Alaska Delegation Fights House Attempt to Meddle with Bypass Mail
Begich and Young: It Ain’t Broke, So Don’t Fix It
WASHINGTON, DC – The Alaska Delegation today vigorously defended Alaska’s bypass mail system against proposed changes that would leave Alaskans with higher costs and less reliable delivery during a hearing of the House Committee on Oversight and Government Reform. U.S. Senator Mark Begich and Representative Don Young testified before the committee and Senator Lisa Murkowski submitted testimony as part of the delegation’s joint efforts to protect bypass mail. During the provocatively titled hearing, “Alaska Bypass Mail Delivery: A Broken System” the Alaska Delegation sent a strong message to the committee: It ain’t broke, so don’t fix it.
“Chairman Issa’s proposed changes would infringe on Alaska’s right to universal mail service and would make the system more expensive and less effective for the Postal Service and Alaskans,” said Begich. “As a member of the U.S. Senate Homeland Security and Governmental Affairs committee, I have already fought hard to convince the Postmaster General to roll back rate increases for Alaskans and protect bypass mail. I am not going to allow some misguided efforts to undo the bypass system. The changes Rep. Issa proposed are unacceptable. Alaskans are open to discussing ways to make the system more efficient, but we will oppose any changes that violate universal service or make the Postal Service worse off. Alaskans should not have to pay more to receive the same service as other Americans.”
“The Committee is dead wrong to pursue changes to bypass mail that will create no new efficiencies, be detrimental to the economy and air carrier market in Alaska, and potentially damage the quality of life to rural residents,” said Congressman Don Young. “This pursuit is assuredly counterproductive to the committee’s goals. I don’t know where this idea that Alaska’s bypass mail system is broken came from. It is certainly not broken; in fact, it’s working well. We need this for the people in the rural areas of Alaska. We don’t need to fix something that’s not broken, it does work!”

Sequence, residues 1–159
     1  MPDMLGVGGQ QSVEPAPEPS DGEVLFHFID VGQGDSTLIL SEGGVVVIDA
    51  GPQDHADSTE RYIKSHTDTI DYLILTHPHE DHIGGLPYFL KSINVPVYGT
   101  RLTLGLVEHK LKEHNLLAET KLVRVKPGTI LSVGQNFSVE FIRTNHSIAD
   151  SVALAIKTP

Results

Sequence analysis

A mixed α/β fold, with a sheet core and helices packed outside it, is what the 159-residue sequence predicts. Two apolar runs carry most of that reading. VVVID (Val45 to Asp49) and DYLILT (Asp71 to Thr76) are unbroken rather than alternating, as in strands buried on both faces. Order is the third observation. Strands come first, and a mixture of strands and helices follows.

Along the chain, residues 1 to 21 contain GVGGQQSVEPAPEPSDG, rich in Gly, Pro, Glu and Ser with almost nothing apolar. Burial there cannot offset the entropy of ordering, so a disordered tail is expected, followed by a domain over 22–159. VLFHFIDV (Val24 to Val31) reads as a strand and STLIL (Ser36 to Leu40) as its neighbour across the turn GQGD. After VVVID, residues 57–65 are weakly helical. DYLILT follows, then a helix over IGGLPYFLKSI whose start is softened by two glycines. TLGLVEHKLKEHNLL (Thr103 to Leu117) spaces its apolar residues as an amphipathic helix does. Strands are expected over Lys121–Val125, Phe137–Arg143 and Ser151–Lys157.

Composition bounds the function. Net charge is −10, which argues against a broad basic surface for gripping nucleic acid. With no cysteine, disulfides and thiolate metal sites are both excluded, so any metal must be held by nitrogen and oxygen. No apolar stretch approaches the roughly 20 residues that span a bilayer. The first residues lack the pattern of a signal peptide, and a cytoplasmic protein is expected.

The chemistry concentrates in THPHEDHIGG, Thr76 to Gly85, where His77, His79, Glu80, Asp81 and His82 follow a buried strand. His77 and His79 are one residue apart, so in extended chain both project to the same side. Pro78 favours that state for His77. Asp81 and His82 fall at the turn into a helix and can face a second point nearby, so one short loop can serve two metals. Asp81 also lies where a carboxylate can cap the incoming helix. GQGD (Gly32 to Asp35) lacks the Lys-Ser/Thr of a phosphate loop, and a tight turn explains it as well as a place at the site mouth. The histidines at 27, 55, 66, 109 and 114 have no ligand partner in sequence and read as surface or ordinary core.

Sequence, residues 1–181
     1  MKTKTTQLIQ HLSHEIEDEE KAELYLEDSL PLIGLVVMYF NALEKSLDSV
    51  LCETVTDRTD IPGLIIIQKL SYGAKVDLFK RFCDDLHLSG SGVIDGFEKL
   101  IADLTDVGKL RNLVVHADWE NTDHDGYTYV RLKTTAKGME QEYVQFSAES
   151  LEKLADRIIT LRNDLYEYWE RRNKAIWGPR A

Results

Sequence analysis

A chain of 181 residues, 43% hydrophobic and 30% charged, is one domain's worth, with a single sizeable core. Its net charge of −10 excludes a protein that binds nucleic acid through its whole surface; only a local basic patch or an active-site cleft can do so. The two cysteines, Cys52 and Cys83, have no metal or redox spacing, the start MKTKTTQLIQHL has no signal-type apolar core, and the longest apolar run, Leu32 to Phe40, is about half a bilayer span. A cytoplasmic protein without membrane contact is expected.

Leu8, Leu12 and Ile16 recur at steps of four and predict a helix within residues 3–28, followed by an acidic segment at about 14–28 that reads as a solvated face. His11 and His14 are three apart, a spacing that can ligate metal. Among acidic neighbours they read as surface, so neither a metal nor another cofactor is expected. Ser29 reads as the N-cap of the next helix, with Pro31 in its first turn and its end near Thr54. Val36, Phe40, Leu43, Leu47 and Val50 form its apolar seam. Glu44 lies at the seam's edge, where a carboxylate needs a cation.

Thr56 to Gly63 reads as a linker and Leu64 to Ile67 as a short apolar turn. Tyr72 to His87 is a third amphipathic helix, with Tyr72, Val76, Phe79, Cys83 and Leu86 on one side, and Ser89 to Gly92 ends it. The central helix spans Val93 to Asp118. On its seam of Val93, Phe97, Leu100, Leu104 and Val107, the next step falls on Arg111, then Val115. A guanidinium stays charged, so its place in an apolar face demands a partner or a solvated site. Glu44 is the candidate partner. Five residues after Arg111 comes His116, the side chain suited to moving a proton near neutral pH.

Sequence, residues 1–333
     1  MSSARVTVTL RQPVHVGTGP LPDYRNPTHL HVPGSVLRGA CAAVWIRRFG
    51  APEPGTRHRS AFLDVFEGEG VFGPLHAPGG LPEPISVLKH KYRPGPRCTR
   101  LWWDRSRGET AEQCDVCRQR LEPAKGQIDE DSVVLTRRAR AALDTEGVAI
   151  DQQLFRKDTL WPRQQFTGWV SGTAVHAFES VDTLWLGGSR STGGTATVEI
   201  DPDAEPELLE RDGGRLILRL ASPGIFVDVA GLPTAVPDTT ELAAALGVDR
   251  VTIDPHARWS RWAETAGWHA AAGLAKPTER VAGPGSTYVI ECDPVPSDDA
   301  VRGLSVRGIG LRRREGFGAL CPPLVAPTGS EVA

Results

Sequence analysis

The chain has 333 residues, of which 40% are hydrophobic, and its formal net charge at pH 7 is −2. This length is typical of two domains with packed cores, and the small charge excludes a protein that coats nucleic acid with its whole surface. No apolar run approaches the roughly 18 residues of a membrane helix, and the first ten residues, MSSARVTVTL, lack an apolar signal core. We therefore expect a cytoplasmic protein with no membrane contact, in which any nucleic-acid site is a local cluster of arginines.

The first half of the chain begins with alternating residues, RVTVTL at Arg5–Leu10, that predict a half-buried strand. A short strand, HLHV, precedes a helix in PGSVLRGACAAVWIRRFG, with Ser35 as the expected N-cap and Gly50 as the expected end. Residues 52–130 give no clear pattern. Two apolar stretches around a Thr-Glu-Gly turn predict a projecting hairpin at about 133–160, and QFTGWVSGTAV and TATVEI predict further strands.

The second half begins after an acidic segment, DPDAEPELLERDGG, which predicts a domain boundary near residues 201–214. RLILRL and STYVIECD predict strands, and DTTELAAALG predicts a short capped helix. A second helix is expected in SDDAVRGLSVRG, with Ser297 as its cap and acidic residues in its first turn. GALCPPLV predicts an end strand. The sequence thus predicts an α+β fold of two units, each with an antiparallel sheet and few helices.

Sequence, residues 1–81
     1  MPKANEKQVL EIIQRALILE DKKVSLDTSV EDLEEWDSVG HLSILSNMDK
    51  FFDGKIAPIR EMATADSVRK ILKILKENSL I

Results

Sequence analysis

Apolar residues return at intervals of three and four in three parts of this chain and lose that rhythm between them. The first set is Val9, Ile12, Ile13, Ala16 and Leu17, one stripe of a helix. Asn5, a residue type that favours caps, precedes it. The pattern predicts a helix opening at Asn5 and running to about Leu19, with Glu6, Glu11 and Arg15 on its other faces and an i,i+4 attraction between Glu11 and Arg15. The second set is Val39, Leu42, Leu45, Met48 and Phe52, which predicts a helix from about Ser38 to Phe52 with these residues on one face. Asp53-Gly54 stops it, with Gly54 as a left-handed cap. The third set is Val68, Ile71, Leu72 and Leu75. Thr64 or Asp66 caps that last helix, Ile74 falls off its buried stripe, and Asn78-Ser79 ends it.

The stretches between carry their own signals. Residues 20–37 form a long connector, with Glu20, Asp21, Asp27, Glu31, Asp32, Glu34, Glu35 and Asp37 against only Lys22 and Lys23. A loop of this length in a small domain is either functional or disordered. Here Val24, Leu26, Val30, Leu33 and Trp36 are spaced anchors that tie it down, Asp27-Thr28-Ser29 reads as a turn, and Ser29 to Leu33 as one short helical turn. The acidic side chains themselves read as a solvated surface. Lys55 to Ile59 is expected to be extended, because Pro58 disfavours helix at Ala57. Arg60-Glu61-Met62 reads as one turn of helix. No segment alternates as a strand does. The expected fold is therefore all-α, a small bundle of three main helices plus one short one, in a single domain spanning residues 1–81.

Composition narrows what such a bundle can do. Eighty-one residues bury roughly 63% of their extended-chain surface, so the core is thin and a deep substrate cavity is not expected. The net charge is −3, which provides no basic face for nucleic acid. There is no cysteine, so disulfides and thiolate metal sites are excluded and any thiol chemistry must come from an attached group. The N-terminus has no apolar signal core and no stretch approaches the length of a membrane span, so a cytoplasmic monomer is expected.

“[Alaska’s] bypass mail system saves the Postal Service an estimated $13.4 million per year in operating costs alone by allowing a huge volume of qualifying Parcel Post mail to literally bypass postal facilities,” said Senator Lisa Murkowski in the statement she provided the committee. “In Alaska, we routinely figure out ways to overcome our challenges. The bypass mail process is one such example. In fact, the Postmaster General has said, ‘The current bypass mail process is the most cost-effective and efficient way for the Postal Service to handle the large Parcel Post volume for Alaska.’ … The bypass mail process costs the United States Treasury absolutely nothing, and saves the Postal Service money. The bypass mail process—as it is currently constructed—is the most cost-efficient method for delivering mail to rural Alaska.”
At the hearing, Senator Begich and Congressman Young disputed committee chairman Representative Darrell Issa’s (R-CA) suggestions that the current system does not benefit rural residents and noted that if rates increase they will simply be handed down to communities in the form of higher grocery prices.
Proposed changes to bypass mail, if implemented, would lead to higher costs for rural Alaskans and fail to comply with the Postal Service’s universal service obligation. Though bypass mail is a unique system, it gives the Postal Service the tools it needs to provide universal service and handle the challenges of Alaska’s geography.
Both Senator Begich and Congressman Young took issue with the title of the hearing, noting that bypass mail is not a broken system, far from it. They urged the committee to reject any changes that would violate universal service for Alaska or make the bypass mail system more expensive for the Postal Service or for Alaskans. Senator Begich and Congressman Young pressed the committee to consult both the Alaska Delegation and the Postal Service to get a full and accurate perspective before proceeding with any proposed changes.